Quere: if you could put 10 million books in the old 30th Street Post Office, or 5,000 IRS auditors, what would the “best practices” call be? Why not tear down the Franklin Building and send the educrats to Inner South Jersey and keep the books closer to home? Just sayin’
p.s. a LOT less “Coursera,” and even a little less “Excellence-to-Eminence” tm, if necessary, if something has to go overboard to keep the basic liberal arts ship in the air.
I haven’t always had to submit a transcript. As to how you can “forget” – at my former U, I had one student who finished everything, and the the office lost her diss three times. She decided it wasn’t worth it to print it a 4th time.
Since this guy was on panels about “e-learning” (his bio is up from another source), it seems his ed degree may well have been necessary to his employment. And being “unaware” of whether or not he got his degree seems the height of doublespeak. “Mistakes were made…”
Not only do our candidates have to submit their transcripts, they also have to undergo criminal background checks. But I wonder if, at the administrative level, this is true. Needless to say, in the future, I doubt his fraud will be caught on one of those checks. And I wonder how many others like him there are out there…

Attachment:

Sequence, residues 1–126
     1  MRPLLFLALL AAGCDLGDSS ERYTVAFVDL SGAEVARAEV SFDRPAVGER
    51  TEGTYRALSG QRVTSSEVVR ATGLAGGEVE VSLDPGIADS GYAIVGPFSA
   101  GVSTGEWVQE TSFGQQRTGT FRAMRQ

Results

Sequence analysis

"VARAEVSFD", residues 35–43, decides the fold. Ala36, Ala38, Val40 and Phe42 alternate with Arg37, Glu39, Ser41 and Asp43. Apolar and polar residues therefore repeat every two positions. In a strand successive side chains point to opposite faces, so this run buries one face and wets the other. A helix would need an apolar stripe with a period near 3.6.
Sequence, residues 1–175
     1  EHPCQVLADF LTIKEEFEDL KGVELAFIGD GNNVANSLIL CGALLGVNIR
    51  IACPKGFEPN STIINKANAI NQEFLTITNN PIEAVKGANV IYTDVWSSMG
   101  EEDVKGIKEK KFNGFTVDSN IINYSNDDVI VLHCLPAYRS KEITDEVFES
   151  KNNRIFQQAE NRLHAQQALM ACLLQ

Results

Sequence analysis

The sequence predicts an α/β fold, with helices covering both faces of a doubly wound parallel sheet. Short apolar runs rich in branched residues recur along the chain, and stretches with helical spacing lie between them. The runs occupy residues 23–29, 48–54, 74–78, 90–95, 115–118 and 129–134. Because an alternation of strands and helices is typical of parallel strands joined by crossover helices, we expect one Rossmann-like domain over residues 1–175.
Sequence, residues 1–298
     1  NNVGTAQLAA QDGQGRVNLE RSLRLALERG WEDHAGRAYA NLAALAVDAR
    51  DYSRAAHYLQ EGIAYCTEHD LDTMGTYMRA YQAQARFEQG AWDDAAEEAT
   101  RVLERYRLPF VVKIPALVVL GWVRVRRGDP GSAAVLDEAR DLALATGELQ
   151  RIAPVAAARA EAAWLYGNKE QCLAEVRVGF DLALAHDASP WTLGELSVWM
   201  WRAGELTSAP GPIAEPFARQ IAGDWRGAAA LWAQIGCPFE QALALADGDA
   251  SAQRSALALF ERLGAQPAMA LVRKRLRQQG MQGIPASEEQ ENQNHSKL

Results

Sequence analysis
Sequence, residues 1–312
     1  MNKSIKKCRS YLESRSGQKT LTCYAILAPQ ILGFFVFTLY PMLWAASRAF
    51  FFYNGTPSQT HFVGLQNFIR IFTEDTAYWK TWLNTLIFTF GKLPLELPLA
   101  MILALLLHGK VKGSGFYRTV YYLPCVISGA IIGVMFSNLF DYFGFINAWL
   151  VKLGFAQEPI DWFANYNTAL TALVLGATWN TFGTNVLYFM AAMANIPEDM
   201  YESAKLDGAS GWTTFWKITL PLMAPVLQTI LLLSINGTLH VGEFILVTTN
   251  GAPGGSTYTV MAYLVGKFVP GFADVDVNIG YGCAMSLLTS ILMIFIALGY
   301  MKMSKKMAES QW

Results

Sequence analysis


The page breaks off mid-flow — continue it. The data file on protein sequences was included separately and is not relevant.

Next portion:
I actually met the infamous Dr. Lynch last year. He was quite condescending and insulting about the value of educational research, and especially the work in educational leadership. (He was in charge of Penn’s infamous fast-track Ed.D. program; “Hey working professionals!! In just three years of selected weekends, you too can be called ‘Dr. Leader.’ Just dial 888….”)
Clearly, it is easy to mock (rigorous scholarship) what one doesn’t bother to do oneself.
I found him to be a truly odious human being. I would far prefer dealing with used car salespeople promising me a fabulous deal. At least they’re not trying to blow up my world in the process of selling…
And if you’re curious, please see, http://www.ucea.org/home/2011/4/24/cultivating-thoughtlessness-in-the-pursuit-of-the-trivial-ex.html
Thanks, calugg–both for the personal reflections on “Dr.” Lynch and the article on Ed.D. programs.
If I had a Ph.D. in Education, I’d be some pi$$ed about the confusion between the degrees.
It seems that Yahoo’s draft proxy statement and web site say that CEO Scott Thompson earned a bachelor’s degree from Stonehill College in “accounting and computer science.” But Loeb says in a letter today to the board that when he checked, ”Stonehill College informed us that it did not begin awarding computer science degrees until 1983 — four years after Mr. Thompson graduated.” Loeb adds that if Thompson “embellished his academic credentials we think that it 1) undermines his credibility as a technology expert and 2) reflects poorly on the character of the CEO who has been tasked with leading Yahoo! at this critical juncture.”
It matters, kids, no matter how high you go — a lie is a lie, especially when there’s an office dedicated to degree verification.